In determining whether the denied input VAT refund claim may be deducted from gross income or not, the Court concluded that the same met the requisites for deductibility of losses pursuant to Section 34(D)(1)(a) of the Tax Code, as amended. It added that the taxpayer’s treatment of recording followed RR No. 09-89 wherein the journal entry for the denied input VAT refund claim is charged to expense. Also, a separate and concurring opinion made by one of the associate justices cited Revenue Memorandum Circular (RMC) No. 42-2003 which states that the denial of refund caused by failure to comply with invoicing requirements is without prejudice to the right of the taxpayer to charge input taxes to the appropriate expense or asset account subject to depreciation, whichever is applicable.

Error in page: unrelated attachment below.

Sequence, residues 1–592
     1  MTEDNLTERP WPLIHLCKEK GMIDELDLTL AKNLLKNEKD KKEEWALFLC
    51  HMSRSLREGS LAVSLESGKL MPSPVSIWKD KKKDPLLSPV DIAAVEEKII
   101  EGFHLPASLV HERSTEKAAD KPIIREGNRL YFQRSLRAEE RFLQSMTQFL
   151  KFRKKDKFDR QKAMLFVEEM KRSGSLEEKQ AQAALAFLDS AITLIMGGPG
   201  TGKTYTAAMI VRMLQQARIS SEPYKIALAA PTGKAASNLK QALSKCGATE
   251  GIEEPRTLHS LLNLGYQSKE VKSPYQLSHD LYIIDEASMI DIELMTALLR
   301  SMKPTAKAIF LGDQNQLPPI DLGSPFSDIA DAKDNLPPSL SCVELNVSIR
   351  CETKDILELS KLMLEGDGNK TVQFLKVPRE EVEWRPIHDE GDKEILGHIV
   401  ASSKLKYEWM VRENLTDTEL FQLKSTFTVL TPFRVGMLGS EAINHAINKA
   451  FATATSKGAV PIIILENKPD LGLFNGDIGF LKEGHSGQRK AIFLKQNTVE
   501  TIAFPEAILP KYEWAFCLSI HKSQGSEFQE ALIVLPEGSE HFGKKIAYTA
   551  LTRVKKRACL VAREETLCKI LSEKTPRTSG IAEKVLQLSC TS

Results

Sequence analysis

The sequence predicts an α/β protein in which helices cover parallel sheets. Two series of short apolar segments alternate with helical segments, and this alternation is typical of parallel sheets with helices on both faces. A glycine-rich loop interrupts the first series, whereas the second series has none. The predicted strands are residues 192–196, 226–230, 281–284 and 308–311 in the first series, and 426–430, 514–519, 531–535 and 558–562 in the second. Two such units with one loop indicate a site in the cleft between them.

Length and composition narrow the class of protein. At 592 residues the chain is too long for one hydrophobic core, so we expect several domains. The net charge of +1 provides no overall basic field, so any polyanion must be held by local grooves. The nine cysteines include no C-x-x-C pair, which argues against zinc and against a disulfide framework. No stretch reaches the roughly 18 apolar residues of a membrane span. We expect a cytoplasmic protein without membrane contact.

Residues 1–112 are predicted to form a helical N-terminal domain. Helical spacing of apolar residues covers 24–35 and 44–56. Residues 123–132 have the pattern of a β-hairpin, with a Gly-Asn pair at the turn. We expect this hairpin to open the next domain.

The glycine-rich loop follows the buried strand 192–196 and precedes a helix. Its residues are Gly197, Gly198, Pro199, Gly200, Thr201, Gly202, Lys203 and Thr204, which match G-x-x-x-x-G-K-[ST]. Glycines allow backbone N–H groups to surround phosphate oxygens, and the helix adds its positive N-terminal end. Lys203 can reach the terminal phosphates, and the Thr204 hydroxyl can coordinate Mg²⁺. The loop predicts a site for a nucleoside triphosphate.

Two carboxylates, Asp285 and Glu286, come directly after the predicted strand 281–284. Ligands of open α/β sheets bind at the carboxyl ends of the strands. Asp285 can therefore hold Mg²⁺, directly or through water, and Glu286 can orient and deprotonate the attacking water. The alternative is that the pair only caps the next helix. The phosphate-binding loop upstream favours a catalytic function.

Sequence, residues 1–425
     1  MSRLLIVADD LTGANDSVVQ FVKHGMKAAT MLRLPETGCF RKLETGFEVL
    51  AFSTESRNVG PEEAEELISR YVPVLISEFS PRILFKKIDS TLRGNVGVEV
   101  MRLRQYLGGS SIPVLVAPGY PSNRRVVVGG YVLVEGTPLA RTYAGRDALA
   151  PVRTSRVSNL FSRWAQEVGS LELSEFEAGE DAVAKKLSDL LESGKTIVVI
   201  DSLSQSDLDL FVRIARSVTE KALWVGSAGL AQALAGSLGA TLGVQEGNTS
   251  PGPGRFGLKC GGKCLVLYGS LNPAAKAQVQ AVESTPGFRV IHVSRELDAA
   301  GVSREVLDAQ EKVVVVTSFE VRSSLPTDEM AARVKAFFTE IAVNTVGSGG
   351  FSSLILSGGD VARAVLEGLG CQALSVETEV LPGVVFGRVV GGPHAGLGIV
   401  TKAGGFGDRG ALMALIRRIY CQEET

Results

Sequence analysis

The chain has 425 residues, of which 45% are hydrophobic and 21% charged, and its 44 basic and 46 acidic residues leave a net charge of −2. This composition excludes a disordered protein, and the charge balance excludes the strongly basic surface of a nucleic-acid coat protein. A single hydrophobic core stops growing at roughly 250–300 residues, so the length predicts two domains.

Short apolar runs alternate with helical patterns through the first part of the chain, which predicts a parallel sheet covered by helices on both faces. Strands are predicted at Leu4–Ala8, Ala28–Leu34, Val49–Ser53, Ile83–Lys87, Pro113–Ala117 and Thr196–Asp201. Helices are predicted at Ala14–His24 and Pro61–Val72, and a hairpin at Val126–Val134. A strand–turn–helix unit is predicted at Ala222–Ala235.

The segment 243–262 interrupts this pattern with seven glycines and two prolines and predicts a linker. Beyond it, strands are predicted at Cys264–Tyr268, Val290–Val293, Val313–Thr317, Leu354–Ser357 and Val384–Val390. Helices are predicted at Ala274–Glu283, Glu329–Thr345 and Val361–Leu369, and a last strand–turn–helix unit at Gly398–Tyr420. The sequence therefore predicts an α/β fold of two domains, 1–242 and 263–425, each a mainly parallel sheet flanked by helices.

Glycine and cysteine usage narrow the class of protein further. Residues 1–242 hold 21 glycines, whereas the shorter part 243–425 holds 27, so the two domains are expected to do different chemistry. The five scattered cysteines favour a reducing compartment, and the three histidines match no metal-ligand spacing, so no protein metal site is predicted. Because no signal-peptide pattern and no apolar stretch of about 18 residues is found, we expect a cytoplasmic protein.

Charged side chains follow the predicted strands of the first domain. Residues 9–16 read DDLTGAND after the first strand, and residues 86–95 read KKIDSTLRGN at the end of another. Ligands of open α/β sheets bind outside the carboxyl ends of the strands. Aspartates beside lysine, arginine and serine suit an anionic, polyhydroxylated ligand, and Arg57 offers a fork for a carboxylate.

To counter the above arguments, the CIR then subscribes to the dissenting opinion made by one of the associate justices that the unutilized input taxes attributable to zero-rated sales can only be recovered through an application for refund or tax credit, and there is no specific provision under the law which allows another modality to recover unapplied input taxes arising from zero-rated or effectively zero-rated sales. Also, there is another dissenting opinion which argues that RR No. 09-89 was already superseded by RR No. 14-05 issued on July 1, 2005. Hence, the former may no longer be used as legal basis.

The Court replied that while it recognized that the Tax Code, as amended, specifically mentions refund or tax credit as modes to recover unutilized input taxes attributable to zero-rated sales, it does not categorically prohibit the use of any other mode for its recovery.

In fact, a reading of Section 112(A) of the Tax Code, as amended, suggests that an alternative mode may be resorted to by a taxpayer for the recovery of excess input taxes other than by tax refund or tax credit. Thus: